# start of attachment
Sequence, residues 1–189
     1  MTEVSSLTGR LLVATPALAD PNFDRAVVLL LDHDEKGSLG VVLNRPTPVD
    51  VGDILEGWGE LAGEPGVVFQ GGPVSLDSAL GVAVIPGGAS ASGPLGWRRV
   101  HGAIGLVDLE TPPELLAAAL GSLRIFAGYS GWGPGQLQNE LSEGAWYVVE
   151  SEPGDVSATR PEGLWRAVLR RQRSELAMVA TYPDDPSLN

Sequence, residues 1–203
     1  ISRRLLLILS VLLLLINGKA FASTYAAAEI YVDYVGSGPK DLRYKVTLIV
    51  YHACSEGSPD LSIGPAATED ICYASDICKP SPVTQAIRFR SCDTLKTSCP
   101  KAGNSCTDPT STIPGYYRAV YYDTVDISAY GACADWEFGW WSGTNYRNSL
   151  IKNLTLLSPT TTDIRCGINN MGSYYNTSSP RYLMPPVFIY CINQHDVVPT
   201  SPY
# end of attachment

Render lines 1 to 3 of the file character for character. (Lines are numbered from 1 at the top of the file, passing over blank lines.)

Sequence, residues 1–189
     1  MTEVSSLTGR LLVATPALAD PNFDRAVVLL LDHDEKGSLG VVLNRPTPVD
    51  VGDILEGWGE LAGEPGVVFQ GGPVSLDSAL GVAVIPGGAS ASGPLGWRRV